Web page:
Community-based Organization Director
Do you have an after-school program that includes children who would
be interested in working with an adult on science topics of their
If so, you many be interested in Science Firsthand: Partners in Discovery.
Science Firsthand: Partners in Discovery (SF) is an after-school mentoring
program for children ranging in age from 10 to 15.
SF brings together supportive adults with inner-city youth to investigate
science topics of mutual interest. Mentors work collaboratively with
one or several mentees at local community-based organizations (CBOs)
that are equipped with simple tools and materials to support exploration
and experimentation. The goal is to build enjoyment in science, to
develop skills, and to gain confidence in one’s own abilities.
Many CBO directors are looking for learning opportunities for their
children that go beyond finishing homework assignments, playing on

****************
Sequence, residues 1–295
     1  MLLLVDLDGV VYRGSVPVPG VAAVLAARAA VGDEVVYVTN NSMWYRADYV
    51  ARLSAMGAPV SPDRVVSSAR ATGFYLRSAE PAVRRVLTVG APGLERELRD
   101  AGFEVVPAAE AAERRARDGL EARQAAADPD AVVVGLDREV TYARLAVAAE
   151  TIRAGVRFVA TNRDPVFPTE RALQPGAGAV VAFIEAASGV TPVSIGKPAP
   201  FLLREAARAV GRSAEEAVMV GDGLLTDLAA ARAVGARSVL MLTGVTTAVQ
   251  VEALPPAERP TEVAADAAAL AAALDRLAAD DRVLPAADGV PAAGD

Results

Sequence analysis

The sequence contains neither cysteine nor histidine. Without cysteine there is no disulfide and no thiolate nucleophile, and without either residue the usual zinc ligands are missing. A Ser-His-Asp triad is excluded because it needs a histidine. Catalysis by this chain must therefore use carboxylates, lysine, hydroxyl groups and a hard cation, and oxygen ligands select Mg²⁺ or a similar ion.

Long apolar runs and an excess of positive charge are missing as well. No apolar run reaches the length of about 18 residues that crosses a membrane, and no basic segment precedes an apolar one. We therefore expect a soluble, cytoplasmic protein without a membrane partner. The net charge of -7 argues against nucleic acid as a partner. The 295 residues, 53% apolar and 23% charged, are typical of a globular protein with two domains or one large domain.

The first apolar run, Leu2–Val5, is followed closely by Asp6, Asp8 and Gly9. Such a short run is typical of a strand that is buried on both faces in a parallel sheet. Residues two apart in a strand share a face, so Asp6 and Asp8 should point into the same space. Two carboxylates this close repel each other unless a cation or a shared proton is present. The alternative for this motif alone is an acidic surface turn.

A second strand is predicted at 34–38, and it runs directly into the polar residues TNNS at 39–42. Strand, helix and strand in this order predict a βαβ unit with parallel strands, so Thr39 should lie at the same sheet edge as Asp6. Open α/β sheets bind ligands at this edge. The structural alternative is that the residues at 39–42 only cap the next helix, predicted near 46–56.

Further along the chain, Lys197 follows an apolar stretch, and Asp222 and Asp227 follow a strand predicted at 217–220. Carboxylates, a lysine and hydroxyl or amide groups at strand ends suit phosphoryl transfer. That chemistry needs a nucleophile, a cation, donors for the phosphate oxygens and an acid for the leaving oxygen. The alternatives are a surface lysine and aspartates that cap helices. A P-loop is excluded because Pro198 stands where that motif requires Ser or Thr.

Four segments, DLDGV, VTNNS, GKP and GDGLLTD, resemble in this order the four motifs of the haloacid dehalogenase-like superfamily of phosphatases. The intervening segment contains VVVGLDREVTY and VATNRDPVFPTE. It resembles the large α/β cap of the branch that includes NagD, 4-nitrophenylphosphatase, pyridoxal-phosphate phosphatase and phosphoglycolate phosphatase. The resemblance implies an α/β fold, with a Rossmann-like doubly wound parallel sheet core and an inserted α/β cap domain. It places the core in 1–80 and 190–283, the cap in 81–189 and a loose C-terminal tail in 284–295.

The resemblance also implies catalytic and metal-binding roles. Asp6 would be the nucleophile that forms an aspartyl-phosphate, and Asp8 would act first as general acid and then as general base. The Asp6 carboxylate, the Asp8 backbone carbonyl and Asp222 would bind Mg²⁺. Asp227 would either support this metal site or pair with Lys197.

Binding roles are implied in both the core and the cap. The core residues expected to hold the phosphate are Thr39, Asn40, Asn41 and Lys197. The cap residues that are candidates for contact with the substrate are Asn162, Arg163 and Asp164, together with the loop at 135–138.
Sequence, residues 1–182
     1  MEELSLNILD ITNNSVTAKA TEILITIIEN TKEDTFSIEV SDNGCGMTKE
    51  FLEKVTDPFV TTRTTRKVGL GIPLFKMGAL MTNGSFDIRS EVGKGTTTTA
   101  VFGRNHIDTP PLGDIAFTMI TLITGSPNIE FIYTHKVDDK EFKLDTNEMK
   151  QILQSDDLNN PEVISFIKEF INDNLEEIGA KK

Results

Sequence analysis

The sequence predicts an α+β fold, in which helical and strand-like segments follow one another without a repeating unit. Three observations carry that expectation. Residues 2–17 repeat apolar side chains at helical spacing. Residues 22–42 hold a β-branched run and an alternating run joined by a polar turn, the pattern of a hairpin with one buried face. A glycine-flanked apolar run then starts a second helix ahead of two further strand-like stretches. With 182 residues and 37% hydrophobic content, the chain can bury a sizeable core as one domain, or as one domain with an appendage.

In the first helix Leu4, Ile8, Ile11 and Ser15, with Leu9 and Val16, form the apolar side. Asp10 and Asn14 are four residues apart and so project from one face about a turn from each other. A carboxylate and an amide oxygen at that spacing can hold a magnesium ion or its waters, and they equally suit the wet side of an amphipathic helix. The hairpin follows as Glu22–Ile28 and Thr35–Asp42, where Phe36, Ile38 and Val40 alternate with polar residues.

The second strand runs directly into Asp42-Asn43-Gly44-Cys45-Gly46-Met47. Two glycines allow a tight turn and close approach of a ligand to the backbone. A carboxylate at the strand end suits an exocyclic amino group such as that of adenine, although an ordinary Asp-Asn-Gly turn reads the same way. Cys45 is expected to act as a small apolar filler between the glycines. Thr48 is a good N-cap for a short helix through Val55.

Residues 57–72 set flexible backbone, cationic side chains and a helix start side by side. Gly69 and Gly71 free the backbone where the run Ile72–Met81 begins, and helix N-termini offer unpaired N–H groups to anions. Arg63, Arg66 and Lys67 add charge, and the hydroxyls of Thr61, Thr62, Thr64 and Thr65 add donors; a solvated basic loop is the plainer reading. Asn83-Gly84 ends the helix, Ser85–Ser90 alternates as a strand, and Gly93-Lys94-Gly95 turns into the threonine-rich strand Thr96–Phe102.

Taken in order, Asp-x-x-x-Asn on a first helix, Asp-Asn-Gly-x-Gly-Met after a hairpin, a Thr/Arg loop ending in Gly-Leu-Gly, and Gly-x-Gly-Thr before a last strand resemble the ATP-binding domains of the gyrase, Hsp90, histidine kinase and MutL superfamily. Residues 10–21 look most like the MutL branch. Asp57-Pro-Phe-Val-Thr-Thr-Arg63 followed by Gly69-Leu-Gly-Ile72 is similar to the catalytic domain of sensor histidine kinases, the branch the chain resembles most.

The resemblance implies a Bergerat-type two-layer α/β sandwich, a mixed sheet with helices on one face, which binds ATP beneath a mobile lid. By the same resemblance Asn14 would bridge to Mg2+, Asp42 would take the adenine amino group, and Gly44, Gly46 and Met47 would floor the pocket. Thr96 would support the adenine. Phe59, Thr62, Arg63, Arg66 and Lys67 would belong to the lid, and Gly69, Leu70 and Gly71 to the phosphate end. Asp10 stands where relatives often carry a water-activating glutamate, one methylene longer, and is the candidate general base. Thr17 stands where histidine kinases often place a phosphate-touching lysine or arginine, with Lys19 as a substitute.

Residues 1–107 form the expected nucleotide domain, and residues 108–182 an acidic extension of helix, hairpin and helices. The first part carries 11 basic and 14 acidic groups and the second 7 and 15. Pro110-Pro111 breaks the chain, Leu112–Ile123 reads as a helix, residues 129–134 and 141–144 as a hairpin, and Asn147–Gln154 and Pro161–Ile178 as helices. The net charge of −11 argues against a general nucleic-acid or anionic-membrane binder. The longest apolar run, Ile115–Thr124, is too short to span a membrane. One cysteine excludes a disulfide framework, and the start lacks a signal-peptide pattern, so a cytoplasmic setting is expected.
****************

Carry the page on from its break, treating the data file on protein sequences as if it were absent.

the computer, and doing arts and crafts, but their staff often lack
the skills and resources to offer engaging and intellectually challenging
experiences. This program addresses those problems by providing learning
resources, adult mentors to work with the young people, and staffing
for the learning laboratory.
If you can provide a dedicated space and some staff time, this program
may be of interest to you. If so, contact
us, respond to a short survey so that we can learn more about
your interests and needs, or read more about the program by clicking
on the links below:
What is a science mentor?
Examine the Science Firsthand Implementation
Examine the Science Firsthand Manual for College Mentors.
Voices from the Field
It’s really become a cornerstone program… I think
it’s important, especially when kids say they hate science in
school and are getting bad grades but love science here because of
the change of venue and how it’s done. All the kids look forward
to it. It enriches and enhances everything we offer to kids. It’s
a respected program. It’s an honor to have it as part of our
It’s provided the opportunity for kids who have interest in
science to work with other students with similar interests and see
science as fun, and it supports their interest in a way that isn’t
possible in a regular classroom setting. I anticipate some of these
kids will continue on in high school or college that might not have
otherwise. They can see themselves as scientists or science teachers
and couldn’t see themselves in that light just from classroom